I wasn’t on the ground in Washington D.C., New York or Philadelphia during Pope Francis’ trip to the United States. Instead I assigned myself a much harder task: to consume and review the media coverage of the papal visit.
I read articles, watched television, monitored Twitter and even listened to conservative talk radio. That last one was pretty painful.
Let me start by saying that most of the coverage by the Catholic media--NCR included, of course--was excellent. I was proud to see so many colleagues reporting or commentating with nuance and depth, covering the pope’s visit not just as a political or celebrity story, but as a religion one with ramifications for people’s spiritual lives.
The rest of the coverage, however, had its ups and downs.
First of all, what we saw over the last week was definitely an example of “pack journalism,” in which hordes of reporters descend upon a single happening and pretty much report the same thing. Journalists in line at the Capitol at 5 a.m. Thursday for the pope’s historic address to Congress uploaded on social media photographic evidence of the actual “pack.”
With the congressional address (and most other events) live-streamed, however, it wasn’t necessary to actually be inside the chambers to report or offer commentary. Most of the straight news reports, though perhaps emphasizing different aspects of the pope’s talks, were similar. But anyone could be a commentator, and smaller media outlets often gave events a local angle by having a cleric give his two cents.
And most commentators were ordained, or at least men. It would be interesting to analyze the tens of thousands of news article and clips produced throughout the weeklong trip. I have not completed such a comprehensive study, but my initial impression is that the coverage--and definitely the commentary--was male dominated. Part of this imbalance stems from the tendency of media to rely on “experts,” who in the case of this story are assumed to be clergy. For example, I thought Charlie Rose could have done better than two priests and two laymen for his in-depth discussion of the pope’s visit.
The importance of visuals in today’s journalism also was evident in the types of papal stories that went viral. The video of young girl who broke through the security barrier in Washington D.C., only to be lifted up to the popemobile was typical. (She turned out to the daughter of undocumented parents.) So was the one of the young man with cerebral palsy, who received a blessing from Francis at the Philadelphia airport.
These two incidents featured at least two important news values: they were unexpected or unusual, and they were emotional. In both cases, the interactions were unplanned, and both left many viewers--this one, included--a little teary-eyed. And of course, they were both captured on video. Words-only reports, in these cases, would not have been as gripping.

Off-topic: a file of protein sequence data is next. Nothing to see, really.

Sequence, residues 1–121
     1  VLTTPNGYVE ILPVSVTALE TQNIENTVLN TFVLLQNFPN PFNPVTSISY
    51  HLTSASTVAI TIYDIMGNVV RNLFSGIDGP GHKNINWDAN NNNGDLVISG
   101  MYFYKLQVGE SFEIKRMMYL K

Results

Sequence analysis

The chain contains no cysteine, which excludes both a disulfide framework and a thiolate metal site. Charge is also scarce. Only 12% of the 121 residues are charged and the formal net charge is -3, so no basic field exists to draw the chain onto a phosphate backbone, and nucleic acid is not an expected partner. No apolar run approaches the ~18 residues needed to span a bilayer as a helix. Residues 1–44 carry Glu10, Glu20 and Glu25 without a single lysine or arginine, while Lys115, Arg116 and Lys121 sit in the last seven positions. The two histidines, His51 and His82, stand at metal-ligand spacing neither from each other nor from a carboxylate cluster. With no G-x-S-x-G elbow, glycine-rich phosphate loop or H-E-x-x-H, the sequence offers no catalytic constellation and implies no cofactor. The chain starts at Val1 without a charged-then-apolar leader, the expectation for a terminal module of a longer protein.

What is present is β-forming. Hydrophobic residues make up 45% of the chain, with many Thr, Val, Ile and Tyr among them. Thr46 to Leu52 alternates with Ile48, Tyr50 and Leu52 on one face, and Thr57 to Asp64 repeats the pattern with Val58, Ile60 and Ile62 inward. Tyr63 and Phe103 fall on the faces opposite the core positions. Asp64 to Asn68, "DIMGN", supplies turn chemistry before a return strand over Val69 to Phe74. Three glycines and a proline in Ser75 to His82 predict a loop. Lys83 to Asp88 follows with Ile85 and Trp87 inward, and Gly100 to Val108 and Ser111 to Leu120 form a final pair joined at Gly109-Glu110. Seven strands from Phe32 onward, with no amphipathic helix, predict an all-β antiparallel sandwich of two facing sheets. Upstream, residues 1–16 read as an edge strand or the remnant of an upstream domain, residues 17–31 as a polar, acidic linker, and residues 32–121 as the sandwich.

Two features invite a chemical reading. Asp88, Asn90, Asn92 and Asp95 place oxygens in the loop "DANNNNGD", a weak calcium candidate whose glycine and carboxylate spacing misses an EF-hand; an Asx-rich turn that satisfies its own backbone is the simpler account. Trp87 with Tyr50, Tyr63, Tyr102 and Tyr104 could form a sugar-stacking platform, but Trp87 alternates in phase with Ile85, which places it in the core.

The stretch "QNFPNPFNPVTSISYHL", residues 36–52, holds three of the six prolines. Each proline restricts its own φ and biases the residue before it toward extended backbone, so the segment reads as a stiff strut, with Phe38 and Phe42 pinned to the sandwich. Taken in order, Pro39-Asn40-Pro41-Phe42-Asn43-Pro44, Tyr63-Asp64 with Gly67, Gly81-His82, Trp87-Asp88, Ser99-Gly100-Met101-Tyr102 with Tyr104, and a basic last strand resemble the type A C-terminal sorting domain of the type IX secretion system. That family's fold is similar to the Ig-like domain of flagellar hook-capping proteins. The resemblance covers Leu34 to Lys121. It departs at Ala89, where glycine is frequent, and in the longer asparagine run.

Attention to other news values such as timeliness (constant, immediate coverage), proximity (the visit to U.S. cities covered more heavily than the Cuba leg) and prominence (the pope as “rock star” celebrity) was evident. But the granddaddy of all is conflict.
When I teach news values to journalism students, I point out that “everyone getting along” is not news, though in the case of a feel-good story like a papal visit, such lack of conflict is acceptable, even lauded. Still, most mainstream media--and definitely the partisan media, whether religious or secular--emphasized the conflict angle.
Protests were covered, and the pope’s every word or action was parsed for any hint of his thoughts on hot-button issues, such as gay marriage or climate change. But it was in the commentary where the “conflict” news value was most evident. Predictably, right-leaning pundits blasted the pope for being too liberal, while left-leaning commentators found fault with his more conservative positions. Those in the middle did the so-called “objective” compromise of giving a voice to each side.
Despite these limitations--many of which are inherent in way the media operate these days--much of the news coverage was decent, with reporters trying their best to report on a topic with which many of them are unfamiliar. Slips like the pope “giving” Mass happened, as did surface analyses that did not take into account the complexity of a 2,000-year-old, worldwide religion.
In the end, most church insiders were happy that the mainstream media gave the Catholic Church so much and so positive--at least comparatively: think sex abuse--coverage. I thought some of the advance analysis pieces were especially well done.
But it was a religion story, after all, and thus still relatively low on the media’s priorities. Although a fair amount of world news was ignored during the media papal love-fest, priorities became clear when House Speaker John Boehner made his surprise announcement in the middle of the pope’s visit. While some TV stations went to a split screen to cover both stories as they broke, others pulled back on their pope coverage. In the end, politics trumps the pope--and I don’t mean Donald.